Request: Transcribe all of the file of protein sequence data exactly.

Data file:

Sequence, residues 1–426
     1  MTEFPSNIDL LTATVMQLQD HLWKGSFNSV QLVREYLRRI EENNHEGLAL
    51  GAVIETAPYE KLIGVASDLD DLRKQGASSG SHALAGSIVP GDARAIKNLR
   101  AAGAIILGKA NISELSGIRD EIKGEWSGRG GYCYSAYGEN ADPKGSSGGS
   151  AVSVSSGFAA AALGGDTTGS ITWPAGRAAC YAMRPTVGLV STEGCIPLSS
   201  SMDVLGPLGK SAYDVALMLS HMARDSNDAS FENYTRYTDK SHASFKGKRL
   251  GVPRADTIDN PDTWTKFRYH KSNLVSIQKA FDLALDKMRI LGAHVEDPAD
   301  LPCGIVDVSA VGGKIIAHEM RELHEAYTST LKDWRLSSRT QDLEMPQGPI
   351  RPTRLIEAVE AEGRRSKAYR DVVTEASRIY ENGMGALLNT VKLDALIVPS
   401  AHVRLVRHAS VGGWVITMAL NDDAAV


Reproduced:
Sequence, residues 1–426
     1  MTEFPSNIDL LTATVMQLQD HLWKGSFNSV QLVREYLRRI EENNHEGLAL
    51  GAVIETAPYE KLIGVASDLD DLRKQGASSG SHALAGSIVP GDARAIKNLR
   101  AAGAIILGKA NISELSGIRD EIKGEWSGRG GYCYSAYGEN ADPKGSSGGS
   151  AVSVSSGFAA AALGGDTTGS ITWPAGRAAC YAMRPTVGLV STEGCIPLSS
   201  SMDVLGPLGK SAYDVALMLS HMARDSNDAS FENYTRYTDK SHASFKGKRL
   251  GVPRADTIDN PDTWTKFRYH KSNLVSIQKA FDLALDKMRI LGAHVEDPAD
   301  LPCGIVDVSA VGGKIIAHEM RELHEAYTST LKDWRLSSRT QDLEMPQGPI
   351  RPTRLIEAVE AEGRRSKAYR DVVTEASRIY ENGMGALLNT VKLDALIVPS
   401  AHVRLVRHAS VGGWVITMAL NDDAAV